I know the power of a good education. A high-quality education changed my life’s trajectory, from that of a struggling single parent to a senior global marketing manager for Deep Brain Stimulation Neurosurgery at Medtronic, the largest stand-alone medical device company in the world. Education uncovered my love for neuropsychological disorders and opened up opportunities to travel the world, collaborating with neurosurgical teams. I am clear about the power of education.
I didn’t always know how education would frame my life. My teachers did. I attended a good public school in England where teachers believed in every child’s ability to succeed. My low grades and the embarrassment of being at the bottom of my ‘A’ stream class did not deter them. They taught me to enrich myself with knowledge, enjoy learning and reap the rewards of excellence.
Even before relocating across the pond, I knew I would engage the local community by volunteering in the education space. Upon my arrival here, I was stunned to learn that Minnesota has had the widest academic achievement gap in the country between white and black children. The need jolted me. I therefore work tirelessly on educational initiatives, with numerous stakeholders, to close that achievement gap and create educational equity for all children.
Because of a great education, I have unique opportunities and experiences that change and save lives. I also have the responsibility to help pave the way for others. I leverage my experience, skills and connections to help children who look like me overcome the challenges that have persistently plagued our communities, and thrive. I help children visualize and pursue their dreams.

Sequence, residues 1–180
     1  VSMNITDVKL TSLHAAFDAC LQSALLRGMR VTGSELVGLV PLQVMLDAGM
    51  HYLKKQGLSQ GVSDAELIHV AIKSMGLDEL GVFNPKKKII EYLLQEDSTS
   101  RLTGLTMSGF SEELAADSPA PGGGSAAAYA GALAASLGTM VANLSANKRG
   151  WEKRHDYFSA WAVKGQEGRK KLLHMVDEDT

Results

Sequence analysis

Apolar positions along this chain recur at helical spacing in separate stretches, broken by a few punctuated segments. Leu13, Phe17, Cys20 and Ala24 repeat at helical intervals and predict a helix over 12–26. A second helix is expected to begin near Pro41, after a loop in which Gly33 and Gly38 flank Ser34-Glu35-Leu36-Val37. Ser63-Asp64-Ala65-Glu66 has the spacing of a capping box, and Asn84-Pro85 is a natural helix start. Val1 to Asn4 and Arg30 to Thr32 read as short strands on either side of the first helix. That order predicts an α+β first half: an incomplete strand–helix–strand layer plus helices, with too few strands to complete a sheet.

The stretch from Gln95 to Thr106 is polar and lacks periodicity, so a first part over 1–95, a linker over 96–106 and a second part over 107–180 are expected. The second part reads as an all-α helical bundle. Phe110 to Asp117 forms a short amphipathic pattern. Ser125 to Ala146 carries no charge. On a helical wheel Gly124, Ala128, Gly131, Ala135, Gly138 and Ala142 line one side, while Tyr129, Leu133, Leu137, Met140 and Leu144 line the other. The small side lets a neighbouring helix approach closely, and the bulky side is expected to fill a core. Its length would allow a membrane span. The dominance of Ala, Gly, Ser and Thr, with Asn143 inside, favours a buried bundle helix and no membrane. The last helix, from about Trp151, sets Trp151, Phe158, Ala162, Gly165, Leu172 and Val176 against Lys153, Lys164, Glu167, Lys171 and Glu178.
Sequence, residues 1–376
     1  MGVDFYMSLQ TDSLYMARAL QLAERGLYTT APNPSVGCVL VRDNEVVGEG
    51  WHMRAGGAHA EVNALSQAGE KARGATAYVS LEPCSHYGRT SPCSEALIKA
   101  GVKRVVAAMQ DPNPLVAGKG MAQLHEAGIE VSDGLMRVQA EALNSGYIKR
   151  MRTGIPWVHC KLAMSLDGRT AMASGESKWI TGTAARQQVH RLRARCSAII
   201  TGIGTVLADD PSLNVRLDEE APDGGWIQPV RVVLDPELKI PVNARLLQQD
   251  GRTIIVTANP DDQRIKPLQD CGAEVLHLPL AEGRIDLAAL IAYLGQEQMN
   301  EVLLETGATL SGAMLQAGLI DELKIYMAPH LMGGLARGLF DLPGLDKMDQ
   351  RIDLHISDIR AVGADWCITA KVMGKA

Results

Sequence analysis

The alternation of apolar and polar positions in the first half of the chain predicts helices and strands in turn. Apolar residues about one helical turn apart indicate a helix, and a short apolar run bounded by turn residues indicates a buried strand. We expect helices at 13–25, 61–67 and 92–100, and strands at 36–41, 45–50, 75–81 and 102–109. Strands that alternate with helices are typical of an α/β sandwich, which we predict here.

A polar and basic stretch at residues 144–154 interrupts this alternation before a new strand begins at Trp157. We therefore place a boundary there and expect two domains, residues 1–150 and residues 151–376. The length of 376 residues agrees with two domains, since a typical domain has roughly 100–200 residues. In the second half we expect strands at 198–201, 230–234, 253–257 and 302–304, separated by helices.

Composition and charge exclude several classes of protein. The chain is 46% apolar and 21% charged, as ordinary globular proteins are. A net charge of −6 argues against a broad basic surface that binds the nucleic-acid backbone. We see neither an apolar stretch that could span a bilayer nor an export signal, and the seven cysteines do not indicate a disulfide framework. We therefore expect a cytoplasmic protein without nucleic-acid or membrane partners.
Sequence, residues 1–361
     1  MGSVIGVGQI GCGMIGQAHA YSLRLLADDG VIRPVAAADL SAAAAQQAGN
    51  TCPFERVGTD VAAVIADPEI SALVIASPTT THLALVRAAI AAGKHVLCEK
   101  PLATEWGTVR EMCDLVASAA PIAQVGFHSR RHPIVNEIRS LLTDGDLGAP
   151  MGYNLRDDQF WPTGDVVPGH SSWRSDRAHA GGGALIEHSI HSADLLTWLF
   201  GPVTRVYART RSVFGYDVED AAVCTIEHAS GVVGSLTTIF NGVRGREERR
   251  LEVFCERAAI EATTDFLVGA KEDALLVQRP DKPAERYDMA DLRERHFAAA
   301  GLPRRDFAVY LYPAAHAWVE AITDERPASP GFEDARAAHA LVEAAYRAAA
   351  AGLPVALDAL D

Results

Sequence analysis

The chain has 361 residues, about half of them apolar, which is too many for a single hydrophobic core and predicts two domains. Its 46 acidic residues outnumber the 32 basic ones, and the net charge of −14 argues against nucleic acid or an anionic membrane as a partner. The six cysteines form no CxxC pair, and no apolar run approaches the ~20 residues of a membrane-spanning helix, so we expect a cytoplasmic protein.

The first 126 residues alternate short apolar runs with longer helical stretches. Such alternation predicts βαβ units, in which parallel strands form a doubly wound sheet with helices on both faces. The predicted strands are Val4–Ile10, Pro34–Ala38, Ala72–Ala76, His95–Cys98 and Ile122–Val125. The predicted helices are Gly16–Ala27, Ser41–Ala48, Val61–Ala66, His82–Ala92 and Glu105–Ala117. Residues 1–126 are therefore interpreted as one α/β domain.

I know that if we seize the moment now, and work together to give our children carefully conceived, well-delivered initiatives, we will create energized, educated citizens who are dedicated to returning the favor and giving back to the children who follow them.
This volunteer work is transformative, even spiritual, providing me with an indescribable sense of satisfaction. When I look at the faces of the children I serve, I can literally see a reflection of my heritage and ancestry. I understand where they have been and where they have the opportunity to go. I also know the obstacles that exist in many of their paths. Part of my purpose in the Twin Cities, I’ve come to believe, is to help clear those obstacles away.
Sylvia Bartley lives in Minneapolis and has worked at Medtronic for 13 years. She holds board leadership positions for the Harvest Network of Schools Charter Management Organization, the African American Leadership Forum and is a board member for Twin Cities Habitat for Humanity and Achieve Minneapolis. She is a 2014 Bush Foundation Fellow.
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